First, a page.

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Christian Students – Stand in the Gap!

Dexter Van Zile

My oldest daughter went off to college a few weeks ago. Like most parents, I have a lot of questions about what the campus is like. Is my daughter attending a “party school”? Will there be a lot of drinking? And just how rigorous are the academic standards at the school she is attending? Will the money we invest in our daughter’s education be worth the sacrifice?

 

These are tough questions that every parent confronts when their children leave home. Christian leaders are in a wonderful position to help families address these questions in a prayerful manner. As I prepared for my daughter’s departure from home, I spent a lot of time speaking with a Franciscan Friar who told me one thing my daughter needed from me was the knowledge that I wanted her to be safe and happy. Prudence is also required, he reminded me.

 

Christian leaders, pastors especially, can help parents with college-age children confront the threats and challenges they face on campus. Sadly, one challenge college students will be forced to confront is growing hostility toward Israel, Jews and Christians who support the Jewish state. Antisemitism is a virus that is infecting higher education in the United States and it’s a problem that college administrators have a tough time confronting.

 

The problem doesn’t start with swastikas being spray-painted on bathroom walls. It begins in the classroom where anti-Israel propagandists, disguised as college professors, indoctrinate students with anti-Israel conspiracy theories that portray the Jewish state as singularly responsible for the Arab-Israel conflict and a singular source of suffering in the Middle East.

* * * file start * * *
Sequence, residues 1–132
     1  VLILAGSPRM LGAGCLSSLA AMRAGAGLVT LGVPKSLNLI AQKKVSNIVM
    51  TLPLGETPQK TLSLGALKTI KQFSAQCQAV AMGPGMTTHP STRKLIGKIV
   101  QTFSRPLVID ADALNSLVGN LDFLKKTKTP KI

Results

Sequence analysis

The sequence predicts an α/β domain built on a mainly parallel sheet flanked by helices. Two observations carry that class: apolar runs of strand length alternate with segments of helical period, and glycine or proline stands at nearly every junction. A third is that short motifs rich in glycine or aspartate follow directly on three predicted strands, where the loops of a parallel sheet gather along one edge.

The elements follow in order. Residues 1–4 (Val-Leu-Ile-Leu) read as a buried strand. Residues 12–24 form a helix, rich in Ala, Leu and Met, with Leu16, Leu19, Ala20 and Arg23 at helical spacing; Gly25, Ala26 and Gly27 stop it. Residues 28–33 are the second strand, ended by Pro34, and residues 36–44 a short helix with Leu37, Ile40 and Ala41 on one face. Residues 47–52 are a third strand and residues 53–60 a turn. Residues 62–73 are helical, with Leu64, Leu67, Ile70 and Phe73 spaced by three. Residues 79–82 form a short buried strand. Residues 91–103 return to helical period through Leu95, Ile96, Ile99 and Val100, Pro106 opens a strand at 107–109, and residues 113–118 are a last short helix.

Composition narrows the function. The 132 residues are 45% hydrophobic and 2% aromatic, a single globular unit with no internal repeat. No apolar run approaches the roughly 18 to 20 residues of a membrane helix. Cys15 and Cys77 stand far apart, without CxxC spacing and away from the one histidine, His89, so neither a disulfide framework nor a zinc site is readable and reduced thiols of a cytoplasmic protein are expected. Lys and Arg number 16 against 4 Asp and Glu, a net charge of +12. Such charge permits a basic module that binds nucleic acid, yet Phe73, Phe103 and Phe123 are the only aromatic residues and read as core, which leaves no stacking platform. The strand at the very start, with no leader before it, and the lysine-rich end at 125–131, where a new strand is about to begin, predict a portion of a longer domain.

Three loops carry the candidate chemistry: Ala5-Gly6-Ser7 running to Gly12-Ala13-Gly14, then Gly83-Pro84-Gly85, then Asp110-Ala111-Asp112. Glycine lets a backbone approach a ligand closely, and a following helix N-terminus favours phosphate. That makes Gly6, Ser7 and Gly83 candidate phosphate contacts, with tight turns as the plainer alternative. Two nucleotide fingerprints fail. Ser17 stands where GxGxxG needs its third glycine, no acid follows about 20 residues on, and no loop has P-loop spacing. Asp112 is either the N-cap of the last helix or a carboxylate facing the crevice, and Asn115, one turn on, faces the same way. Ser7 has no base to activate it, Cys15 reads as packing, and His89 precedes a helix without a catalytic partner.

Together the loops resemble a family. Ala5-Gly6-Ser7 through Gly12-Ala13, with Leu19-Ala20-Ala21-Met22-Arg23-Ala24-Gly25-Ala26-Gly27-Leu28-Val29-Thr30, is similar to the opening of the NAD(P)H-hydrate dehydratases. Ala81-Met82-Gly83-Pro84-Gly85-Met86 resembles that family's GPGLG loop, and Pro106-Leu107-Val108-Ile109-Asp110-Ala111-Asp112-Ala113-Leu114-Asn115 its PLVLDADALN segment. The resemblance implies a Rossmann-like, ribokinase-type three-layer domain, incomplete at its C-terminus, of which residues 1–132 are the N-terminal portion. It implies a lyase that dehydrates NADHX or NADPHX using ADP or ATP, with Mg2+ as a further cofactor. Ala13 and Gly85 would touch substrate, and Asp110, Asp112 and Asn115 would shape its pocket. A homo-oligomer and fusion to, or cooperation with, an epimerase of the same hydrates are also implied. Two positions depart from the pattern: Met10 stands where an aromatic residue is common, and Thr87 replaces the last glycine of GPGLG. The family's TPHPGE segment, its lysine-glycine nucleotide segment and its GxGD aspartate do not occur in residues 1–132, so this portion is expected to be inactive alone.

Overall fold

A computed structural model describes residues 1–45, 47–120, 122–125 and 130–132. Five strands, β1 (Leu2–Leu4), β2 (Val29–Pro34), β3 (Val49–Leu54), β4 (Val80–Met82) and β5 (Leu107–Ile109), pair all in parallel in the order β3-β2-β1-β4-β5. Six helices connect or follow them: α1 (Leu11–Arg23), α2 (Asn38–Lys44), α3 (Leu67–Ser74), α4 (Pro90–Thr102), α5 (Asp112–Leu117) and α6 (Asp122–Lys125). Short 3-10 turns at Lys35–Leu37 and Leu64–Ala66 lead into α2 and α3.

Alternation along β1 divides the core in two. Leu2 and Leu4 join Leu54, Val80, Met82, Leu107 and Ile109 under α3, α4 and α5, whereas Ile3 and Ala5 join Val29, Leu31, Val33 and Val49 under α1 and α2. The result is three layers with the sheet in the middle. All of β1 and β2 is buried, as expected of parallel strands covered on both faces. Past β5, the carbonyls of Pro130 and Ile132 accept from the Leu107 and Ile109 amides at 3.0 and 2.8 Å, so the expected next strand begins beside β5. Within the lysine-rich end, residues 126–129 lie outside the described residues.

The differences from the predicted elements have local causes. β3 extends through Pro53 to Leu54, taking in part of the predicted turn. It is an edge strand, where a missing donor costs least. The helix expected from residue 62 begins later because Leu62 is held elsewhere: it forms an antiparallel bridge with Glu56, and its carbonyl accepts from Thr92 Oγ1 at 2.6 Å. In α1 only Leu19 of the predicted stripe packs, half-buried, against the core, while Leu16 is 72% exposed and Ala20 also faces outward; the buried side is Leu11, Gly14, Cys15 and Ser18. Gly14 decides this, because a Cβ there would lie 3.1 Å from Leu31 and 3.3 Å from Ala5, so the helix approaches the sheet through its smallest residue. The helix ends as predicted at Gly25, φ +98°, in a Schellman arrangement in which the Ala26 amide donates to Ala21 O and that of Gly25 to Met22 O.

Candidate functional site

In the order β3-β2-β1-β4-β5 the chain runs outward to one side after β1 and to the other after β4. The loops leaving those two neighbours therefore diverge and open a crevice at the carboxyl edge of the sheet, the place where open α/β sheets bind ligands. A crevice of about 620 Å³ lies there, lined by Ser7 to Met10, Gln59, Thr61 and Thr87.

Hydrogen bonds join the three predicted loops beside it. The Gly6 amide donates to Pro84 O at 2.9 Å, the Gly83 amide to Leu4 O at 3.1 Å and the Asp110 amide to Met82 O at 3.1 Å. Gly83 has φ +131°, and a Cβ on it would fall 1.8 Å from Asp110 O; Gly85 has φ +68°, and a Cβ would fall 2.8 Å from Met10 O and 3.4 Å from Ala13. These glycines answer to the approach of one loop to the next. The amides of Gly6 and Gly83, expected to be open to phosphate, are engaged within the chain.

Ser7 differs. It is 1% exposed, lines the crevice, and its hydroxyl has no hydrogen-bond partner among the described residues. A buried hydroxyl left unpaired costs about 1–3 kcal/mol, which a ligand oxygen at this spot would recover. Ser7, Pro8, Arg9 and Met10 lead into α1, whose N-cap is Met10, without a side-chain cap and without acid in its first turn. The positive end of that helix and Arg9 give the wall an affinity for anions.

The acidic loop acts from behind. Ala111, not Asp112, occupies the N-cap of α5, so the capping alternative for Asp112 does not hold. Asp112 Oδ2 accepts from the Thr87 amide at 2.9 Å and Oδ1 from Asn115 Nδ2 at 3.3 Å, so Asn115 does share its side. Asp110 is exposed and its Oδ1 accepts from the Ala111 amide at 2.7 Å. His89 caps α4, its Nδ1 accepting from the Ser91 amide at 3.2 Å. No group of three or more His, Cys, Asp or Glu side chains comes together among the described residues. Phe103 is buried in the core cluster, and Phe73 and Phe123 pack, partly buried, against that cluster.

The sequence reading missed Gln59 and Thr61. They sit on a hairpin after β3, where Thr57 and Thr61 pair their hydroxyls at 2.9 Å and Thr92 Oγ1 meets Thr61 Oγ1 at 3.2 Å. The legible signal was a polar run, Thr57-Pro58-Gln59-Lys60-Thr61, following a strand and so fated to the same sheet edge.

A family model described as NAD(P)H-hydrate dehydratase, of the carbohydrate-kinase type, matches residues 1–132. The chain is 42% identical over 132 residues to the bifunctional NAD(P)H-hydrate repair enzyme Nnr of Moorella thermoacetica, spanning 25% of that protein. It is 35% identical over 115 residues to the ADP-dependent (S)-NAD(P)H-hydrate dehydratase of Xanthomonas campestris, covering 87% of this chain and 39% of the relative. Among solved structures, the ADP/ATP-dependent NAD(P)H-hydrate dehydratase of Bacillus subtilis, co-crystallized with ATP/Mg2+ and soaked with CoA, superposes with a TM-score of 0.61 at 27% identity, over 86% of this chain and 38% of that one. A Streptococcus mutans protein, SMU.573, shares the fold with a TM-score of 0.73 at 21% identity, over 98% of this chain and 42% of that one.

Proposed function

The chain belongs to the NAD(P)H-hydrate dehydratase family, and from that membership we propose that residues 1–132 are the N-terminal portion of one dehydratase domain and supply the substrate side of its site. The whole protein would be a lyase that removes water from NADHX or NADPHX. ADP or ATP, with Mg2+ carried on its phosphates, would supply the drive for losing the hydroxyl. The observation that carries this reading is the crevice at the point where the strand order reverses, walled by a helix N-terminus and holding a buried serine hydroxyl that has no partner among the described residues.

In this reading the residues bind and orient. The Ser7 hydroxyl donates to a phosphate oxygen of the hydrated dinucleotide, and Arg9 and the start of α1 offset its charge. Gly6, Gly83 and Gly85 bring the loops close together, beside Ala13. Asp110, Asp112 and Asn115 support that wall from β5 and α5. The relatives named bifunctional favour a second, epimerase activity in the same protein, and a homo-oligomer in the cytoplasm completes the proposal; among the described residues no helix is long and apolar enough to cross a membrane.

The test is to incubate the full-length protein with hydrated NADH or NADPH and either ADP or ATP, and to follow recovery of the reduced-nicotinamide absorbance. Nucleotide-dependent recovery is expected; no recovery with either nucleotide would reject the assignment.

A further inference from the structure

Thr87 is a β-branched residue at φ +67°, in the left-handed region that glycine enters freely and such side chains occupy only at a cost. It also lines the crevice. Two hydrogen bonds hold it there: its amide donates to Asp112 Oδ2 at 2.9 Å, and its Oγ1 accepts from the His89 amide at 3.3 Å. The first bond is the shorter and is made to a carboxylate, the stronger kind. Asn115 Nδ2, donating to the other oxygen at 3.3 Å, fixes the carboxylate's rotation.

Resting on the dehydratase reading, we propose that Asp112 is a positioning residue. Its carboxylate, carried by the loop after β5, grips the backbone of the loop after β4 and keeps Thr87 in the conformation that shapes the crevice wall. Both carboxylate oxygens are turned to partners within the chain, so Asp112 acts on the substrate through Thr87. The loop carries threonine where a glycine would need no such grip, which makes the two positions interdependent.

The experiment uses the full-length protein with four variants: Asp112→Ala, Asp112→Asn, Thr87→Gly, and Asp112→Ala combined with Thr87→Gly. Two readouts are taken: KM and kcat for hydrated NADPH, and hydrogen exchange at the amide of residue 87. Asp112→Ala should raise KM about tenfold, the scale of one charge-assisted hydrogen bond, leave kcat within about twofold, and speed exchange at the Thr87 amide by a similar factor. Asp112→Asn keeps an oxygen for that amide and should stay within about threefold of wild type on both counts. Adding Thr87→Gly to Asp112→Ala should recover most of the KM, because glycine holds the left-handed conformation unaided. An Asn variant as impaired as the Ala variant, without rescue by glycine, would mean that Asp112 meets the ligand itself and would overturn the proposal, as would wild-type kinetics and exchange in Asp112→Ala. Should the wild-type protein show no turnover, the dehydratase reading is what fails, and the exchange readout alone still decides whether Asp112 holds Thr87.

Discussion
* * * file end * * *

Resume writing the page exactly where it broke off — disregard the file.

These professors, many of whom promote boycotts against Israel, ignore human rights abuses elsewhere in the Middle East and give people the sense that there is something wrong with Jewish sovereignty and with Christians who support Israel. Sometimes these professors, and the student activists who follow them, go so far as to bring members of terrorist organizations, such as the Popular Front for the Liberation of Palestine, to speak on campus. In this way, these professors and their students send a very specific message to the campus at large: It’s OK to attack Israel and intimidate its supporters.

 

This is no joke.

 

The AMCHA Initiative, which monitors the atmosphere on colleges and universities throughout the country, reports that, “The presence of faculty who have expressed public support for an academic boycott of Israel on a particular campus is associated with a significant increase in the likelihood that the campus will play host to incidents that target Jewish students for harm, including assault, harassment, destruction of property and suppression of speech.”

 

Fortunately, there are ways to fight back. CAMERA’s campus program (CAMERA on Campus) has taught hundreds of young people —many of them Christians — how to stand up to the antisemitic propaganda offered in the classroom and the bullying it provokes in the quad.

 

The message Christian leaders need to offer to parents of college age children is a tough one. Christians who attend college in the U.S. have a mission. In addition to preparing themselves for adulthood, they are called to stand in solidarity with Jews when they are the targets of hostility promoted by professors and student extremists.

 

Christian students need to stand in the gap. And with God’s help, they can. God will give them the strength and courage.

 

CAMERA’s Partnership of Christians and Jews can give them the knowledge.